Can America afford to become a major social welfare state?

Mr. Okun explains the trade-off with a metaphor: Providing a social safety net is like using a leaky bucket to redistribute water among people with different amounts. While bringing water to the thirstiest may be noble, it is also costly as some water is lost in transit.

In the real world, this leakage occurs because higher taxes distort incentives and impede economic growth. And those taxes aren’t just the explicit ones that finance benefits such as public education or health care. They also include implicit taxes baked into the benefits themselves. If these benefits decline when your income rises, people are discouraged from working. This implicit tax distorts incentives just as explicit taxes do. That doesn’t mean there is no point in trying to help those in need, but it does require being mindful of the downsides of doing so.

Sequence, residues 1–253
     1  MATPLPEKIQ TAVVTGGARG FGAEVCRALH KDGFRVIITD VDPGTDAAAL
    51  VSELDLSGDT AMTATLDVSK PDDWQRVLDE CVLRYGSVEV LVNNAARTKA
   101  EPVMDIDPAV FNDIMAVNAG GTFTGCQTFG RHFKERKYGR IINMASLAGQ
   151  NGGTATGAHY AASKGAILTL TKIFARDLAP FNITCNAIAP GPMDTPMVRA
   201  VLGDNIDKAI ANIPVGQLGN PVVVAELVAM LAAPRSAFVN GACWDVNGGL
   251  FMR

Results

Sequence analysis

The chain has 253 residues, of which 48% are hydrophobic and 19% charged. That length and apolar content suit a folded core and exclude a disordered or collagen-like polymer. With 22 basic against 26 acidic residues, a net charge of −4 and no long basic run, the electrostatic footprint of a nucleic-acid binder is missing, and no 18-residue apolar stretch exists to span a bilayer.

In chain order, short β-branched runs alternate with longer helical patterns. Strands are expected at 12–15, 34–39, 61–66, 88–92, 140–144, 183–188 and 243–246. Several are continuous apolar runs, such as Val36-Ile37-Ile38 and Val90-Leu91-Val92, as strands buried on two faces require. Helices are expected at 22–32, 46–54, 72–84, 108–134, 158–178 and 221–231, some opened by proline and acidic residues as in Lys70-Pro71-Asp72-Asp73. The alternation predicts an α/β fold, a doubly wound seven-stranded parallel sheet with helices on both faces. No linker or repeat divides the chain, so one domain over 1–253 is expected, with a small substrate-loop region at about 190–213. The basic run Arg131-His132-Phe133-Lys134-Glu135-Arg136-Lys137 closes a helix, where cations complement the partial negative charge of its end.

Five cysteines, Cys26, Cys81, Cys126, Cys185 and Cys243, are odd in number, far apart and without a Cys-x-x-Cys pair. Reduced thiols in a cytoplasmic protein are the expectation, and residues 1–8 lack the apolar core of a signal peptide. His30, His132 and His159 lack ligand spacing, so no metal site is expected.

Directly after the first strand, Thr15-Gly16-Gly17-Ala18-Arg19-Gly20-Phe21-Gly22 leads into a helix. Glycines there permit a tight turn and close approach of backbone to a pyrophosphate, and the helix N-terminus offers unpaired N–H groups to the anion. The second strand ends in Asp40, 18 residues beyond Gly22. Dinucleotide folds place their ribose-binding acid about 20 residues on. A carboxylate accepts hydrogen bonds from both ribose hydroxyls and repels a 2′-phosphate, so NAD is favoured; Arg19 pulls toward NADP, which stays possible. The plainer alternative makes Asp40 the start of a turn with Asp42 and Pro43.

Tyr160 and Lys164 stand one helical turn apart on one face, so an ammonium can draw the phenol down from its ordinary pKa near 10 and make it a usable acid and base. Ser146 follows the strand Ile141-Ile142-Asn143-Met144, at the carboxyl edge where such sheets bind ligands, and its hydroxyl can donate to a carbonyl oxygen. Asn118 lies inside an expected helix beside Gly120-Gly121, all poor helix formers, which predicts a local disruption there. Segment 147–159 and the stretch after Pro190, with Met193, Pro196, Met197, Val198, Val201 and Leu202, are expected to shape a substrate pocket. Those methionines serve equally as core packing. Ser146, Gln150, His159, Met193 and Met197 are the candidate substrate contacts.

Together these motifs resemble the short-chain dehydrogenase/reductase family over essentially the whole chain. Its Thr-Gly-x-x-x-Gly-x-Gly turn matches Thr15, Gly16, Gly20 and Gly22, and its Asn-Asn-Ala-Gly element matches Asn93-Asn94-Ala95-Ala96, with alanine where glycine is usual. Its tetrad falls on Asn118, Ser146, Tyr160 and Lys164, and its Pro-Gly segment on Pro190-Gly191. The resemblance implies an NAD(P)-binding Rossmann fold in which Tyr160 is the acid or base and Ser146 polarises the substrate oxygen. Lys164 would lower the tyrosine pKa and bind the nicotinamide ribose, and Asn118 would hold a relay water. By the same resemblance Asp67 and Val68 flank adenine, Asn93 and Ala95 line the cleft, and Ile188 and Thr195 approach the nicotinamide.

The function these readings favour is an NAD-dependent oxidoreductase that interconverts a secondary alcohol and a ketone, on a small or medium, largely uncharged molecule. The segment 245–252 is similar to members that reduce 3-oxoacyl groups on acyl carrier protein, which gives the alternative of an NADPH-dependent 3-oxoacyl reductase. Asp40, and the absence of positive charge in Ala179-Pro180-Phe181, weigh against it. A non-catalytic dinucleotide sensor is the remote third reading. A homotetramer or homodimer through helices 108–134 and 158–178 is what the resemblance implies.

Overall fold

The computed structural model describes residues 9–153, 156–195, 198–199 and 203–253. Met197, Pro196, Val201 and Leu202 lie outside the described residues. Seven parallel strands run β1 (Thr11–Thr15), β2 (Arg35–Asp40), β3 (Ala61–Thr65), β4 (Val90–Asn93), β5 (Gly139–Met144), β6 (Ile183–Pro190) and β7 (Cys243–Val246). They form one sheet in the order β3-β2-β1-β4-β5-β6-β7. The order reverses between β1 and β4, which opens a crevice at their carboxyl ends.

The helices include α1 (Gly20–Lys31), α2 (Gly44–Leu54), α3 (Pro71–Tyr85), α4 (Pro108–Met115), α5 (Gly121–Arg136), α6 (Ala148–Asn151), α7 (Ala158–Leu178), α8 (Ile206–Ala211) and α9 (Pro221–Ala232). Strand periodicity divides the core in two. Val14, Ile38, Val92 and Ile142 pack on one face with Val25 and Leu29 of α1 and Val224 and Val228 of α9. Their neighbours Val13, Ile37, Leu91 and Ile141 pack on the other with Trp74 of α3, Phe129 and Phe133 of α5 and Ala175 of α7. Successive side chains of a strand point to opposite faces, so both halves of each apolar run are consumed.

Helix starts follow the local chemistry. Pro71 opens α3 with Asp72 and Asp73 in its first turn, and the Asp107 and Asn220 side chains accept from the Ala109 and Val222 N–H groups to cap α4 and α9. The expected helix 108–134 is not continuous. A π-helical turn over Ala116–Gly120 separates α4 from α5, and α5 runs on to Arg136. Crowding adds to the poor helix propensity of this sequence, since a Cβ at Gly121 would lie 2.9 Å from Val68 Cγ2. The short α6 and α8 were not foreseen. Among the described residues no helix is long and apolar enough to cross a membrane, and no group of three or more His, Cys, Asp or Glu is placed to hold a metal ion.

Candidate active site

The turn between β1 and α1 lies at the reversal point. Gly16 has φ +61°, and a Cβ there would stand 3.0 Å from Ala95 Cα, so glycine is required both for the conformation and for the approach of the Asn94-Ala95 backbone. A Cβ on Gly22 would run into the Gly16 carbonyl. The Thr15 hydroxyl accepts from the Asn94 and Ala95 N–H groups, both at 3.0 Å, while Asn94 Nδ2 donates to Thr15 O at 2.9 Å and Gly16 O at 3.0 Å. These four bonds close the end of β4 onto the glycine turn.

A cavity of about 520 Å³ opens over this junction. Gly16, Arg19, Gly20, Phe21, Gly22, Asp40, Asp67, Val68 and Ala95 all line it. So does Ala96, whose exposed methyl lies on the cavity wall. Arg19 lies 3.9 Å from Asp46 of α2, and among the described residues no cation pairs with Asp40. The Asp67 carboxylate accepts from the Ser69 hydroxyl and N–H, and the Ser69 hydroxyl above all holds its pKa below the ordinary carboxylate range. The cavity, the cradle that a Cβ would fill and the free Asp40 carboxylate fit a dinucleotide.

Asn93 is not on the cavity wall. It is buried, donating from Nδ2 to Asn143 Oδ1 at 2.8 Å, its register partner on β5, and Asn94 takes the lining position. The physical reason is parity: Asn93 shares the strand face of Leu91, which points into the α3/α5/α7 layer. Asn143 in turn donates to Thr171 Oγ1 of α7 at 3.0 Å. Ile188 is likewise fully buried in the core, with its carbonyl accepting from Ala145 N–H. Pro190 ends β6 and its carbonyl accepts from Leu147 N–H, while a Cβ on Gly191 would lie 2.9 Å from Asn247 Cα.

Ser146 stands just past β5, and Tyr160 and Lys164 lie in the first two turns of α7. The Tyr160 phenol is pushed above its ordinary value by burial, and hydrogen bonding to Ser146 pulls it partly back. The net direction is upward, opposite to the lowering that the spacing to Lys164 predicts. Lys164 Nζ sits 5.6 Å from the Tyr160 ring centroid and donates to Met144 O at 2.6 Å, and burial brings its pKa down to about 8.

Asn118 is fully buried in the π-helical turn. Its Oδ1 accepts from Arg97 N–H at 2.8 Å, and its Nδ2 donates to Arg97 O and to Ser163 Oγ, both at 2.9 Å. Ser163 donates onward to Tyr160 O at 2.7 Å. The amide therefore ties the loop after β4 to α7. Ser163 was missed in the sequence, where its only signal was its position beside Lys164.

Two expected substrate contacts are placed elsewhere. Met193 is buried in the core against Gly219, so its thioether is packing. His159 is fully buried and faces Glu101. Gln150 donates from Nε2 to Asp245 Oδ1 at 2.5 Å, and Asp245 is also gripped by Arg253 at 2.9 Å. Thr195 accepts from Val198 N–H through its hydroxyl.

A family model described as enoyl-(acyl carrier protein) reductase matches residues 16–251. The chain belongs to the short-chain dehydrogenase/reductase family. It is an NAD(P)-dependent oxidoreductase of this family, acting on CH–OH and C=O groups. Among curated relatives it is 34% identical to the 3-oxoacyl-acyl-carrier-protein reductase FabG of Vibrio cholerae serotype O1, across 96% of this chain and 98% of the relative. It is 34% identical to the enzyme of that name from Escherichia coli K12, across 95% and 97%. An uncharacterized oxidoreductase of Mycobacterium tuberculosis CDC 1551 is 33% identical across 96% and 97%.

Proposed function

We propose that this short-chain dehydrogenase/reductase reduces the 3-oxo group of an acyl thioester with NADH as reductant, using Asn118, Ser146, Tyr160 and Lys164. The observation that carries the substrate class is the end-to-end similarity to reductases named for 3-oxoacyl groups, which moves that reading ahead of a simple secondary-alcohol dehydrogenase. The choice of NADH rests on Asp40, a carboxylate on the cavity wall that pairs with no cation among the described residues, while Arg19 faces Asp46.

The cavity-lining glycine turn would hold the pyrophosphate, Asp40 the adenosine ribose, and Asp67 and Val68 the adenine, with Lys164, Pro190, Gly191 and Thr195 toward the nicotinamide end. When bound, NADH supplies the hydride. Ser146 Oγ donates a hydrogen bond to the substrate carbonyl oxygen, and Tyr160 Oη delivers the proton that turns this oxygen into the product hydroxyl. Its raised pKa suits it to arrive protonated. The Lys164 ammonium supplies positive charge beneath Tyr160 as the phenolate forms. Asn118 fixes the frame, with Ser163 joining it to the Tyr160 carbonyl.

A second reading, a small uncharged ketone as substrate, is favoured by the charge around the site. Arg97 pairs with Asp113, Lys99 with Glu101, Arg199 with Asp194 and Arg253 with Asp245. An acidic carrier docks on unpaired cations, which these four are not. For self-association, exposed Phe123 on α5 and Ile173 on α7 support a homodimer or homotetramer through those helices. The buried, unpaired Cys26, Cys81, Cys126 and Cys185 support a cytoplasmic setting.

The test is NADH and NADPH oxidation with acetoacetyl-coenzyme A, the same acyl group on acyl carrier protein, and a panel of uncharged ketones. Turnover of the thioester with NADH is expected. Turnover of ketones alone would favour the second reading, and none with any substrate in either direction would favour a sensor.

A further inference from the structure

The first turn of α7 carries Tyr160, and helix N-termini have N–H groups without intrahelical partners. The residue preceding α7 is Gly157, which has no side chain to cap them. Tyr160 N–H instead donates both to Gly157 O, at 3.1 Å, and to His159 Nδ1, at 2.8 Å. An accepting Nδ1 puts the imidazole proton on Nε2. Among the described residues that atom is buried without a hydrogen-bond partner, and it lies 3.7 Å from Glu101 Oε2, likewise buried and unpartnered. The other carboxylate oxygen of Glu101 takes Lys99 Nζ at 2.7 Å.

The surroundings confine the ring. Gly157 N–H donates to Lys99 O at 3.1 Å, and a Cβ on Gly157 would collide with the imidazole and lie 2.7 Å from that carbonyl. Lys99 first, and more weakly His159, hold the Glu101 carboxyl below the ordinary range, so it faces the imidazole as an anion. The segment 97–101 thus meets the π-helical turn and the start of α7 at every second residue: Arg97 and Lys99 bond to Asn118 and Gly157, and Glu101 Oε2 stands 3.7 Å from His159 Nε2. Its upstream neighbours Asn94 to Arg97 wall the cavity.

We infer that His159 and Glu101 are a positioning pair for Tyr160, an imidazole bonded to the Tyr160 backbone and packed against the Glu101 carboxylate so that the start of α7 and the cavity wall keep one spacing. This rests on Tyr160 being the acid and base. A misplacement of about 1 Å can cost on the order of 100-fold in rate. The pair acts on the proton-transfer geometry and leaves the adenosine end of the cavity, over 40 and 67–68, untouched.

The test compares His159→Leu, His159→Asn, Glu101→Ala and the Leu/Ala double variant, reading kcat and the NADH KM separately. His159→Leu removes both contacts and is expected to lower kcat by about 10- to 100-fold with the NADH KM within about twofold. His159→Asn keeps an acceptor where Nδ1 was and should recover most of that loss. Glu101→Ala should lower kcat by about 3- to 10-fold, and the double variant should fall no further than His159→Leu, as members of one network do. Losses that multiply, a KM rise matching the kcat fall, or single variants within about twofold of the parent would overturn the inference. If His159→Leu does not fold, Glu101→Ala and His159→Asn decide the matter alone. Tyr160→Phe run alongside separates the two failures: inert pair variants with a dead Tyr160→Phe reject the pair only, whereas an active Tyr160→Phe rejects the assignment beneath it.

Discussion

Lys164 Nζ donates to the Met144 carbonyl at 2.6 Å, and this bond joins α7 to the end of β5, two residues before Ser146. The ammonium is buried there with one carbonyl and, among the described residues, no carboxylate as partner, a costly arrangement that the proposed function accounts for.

Which brings us back to Western Europe. Compared with the United States, G.D.P. per person in 2019 was 14 percent lower in Germany, 24 percent lower in France and 26 percent lower in the United Kingdom.

Economists disagree about why European nations are less prosperous than the United States. But a leading hypothesis, advanced by Edward Prescott, a Nobel laureate, in 2003, is that Europeans work less than Americans because they face higher taxes to finance a more generous social safety net.